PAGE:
//Bald Eagle Nest Surveys Provide Encouraging Results

Bald Eagle Nest Surveys Provide Encouraging Results

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Georgia Department of Natural Resources’ Wildlife Resources Division Press Release:

SOCIAL CIRCLE, Ga. – Recent surveys of bald eagle nests across the eastern half of Georgia underscored the national bird’s continued resurgence in the state – and in more ways than one.

Checking by helicopter, Department of Natural Resources survey leader Bob Sargent counted nearly 110 eagle nesting territories in the six coastal counties and an area bounded roughly by interstates 16 and 85 and the South Carolina line. Those nests fledged an estimated 127 young.

The totals are encouraging. So is DNR’s switch in 2018 from flying the entire state each year to only half.

According to Sargent, the change maintains standardized monitoring while syncing with the raptor’s range-wide comeback and mirroring slimmed-down eagle counts in some neighboring states. It also frees money for other needed conservation projects. One is last month’s search for peregrine falcon nests in north Georgia.

What the change doesn’t signal is that conserving eagles is less important, said Sargent, a program manager with DNR’s Nongame Conservation Section. Bald eagles are state-listed as threatened and remain a priority in the State Wildlife Action Plan, a guiding strategy to restore and protect native species and natural habitats.

“We determined that cutting the survey effort by 50 percent would not compromise our ability to identify and address a decline in productivity of our nesting eagles, should it occur. That was the most crucial consideration.”

The revisions follow three straight years of 200-plus occupied nest territories and only 11 years after Georgia’s nest total topped 100. Almost 30 years ago, the Southeastern recovery plan for bald eagles set a goal of 20 nests for the state. DNR documented a state-record 218 last year.

Many factors have fueled the bald eagle’s recovery: a U.S. ban on DDT use in 1972, habitat improvements after enactment of the federal Clean Water and Clean Air acts, protection through the Endangered Species Act, increased public awareness, restoration of local populations through release programs, and forest regrowth.

Yet even though on the rebound, eagles still face threats. They vary from avian vacuolar myelinopathy, a disease primarily affecting coots and the eagles that prey on them, to being shot by people and hit by cars.

The Nongame Conservation Section monitors eagle nesting through aerial surveys in January and again in March and April. The initial flights are focused on finding all active nests: those with eggs, eaglets, an adult in an incubating posture or evidence that eagles have been prepping the nest for use. The second round of surveys is aimed at determining the reproductive outcome of those nests and checking recently reported new nests.

The public is encouraged to report eagle nests via www.georgiawildlife.com/bald-eagle, (478) 994-1438) or bob.sargent@dnr.ga.gov. One tip: Osprey nests are sometimes confused with eagles’. If unsure, check out the differences online, including at http://bit.ly/2ptuRtm.

DNR works with landowners to help protect bald eagle nests on private property. Although de-listed from the Endangered Species Act in 2007, eagles are protected by the Bald and Golden Eagle Protection Act, the Migratory Bird Treaty Act, and state law. In Georgia, the species is state-listed as threatened.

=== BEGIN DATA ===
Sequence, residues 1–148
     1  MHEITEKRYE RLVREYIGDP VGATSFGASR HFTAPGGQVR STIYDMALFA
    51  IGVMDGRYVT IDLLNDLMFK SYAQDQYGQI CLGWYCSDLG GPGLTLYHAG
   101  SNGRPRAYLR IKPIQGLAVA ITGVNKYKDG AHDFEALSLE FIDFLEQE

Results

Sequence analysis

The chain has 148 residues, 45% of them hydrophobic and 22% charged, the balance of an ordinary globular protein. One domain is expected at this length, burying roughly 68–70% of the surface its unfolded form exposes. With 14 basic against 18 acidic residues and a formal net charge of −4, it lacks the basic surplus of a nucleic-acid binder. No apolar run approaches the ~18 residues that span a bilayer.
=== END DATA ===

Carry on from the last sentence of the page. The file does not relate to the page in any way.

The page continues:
The Nongame Conservation Section’s mission is to conserve eagles and other Georgia wildlife not legally fished for or hunted, as well as rare plants and natural habitats. The agency depends primarily on fundraisers, grants and contributions to the Georgia Nongame Wildlife Conservation Fund. That makes public support critical.

Georgians can help by buying or renewing a DNR eagle or hummingbird license plate. Most of the fees are dedicated to wildlife. Upgrade to a wild tag for only $25! Learn more at www.georgiawildlife.com/licenseplates.

Supporters can also donate at www.gooutdoorsgeorgia.com. Click “Licenses and Permits” and log in to give. (New customers can create an account.) Details at www.georgiawildlife.com/donations.

Visit www.georgiawildlife.com/conservation/annualreport to see how this support is put to work for wildlife.


While the 2018 survey covered from the coast to northeast Georgia, eagle nests in areas not usually checked were reported and monitored by volunteers and DNR staff. Survey leader Dr. Bob Sargent also checked nearly half of the known nests in northwest Georgia while flying to look for peregrine falcon eyries. The totals:

  • Six coastal counties (including barrier islands): 79 occupied nest territories, with 64 fledging at least one eaglet (81 percent success rate) and 95 young fledged (1.2 per occupied territory).
  • Northeastern area (I-16 to the south, I-85 to the north and west, and the Savannah River to the east and northeast, excluding Savannah): 28 occupied nest territories, with 19 fledging at least one eaglet (68 percent success rate) and 32 young fledged (1.1 per occupied territory).
  • Total (including data from volunteer and staff monitors): 123 occupied nest territories, with 97 fledging at least one eaglet (79 percent success rate – which is on the upper end of the average long-term range) and 147 young fledged (1.2 per occupied territory, the long-term average).
  • Notes: Three to four nests were either substantially damaged or destroyed by Hurricane Irma last fall. However, 11 new nests were found, including five on the coast. One was the first known ground nest of a bald eagle recorded in Georgia. It was made in the wrack on Cabbage Island, southwest of Tybee Island. Unfortunately, the nest failed sometime in late March.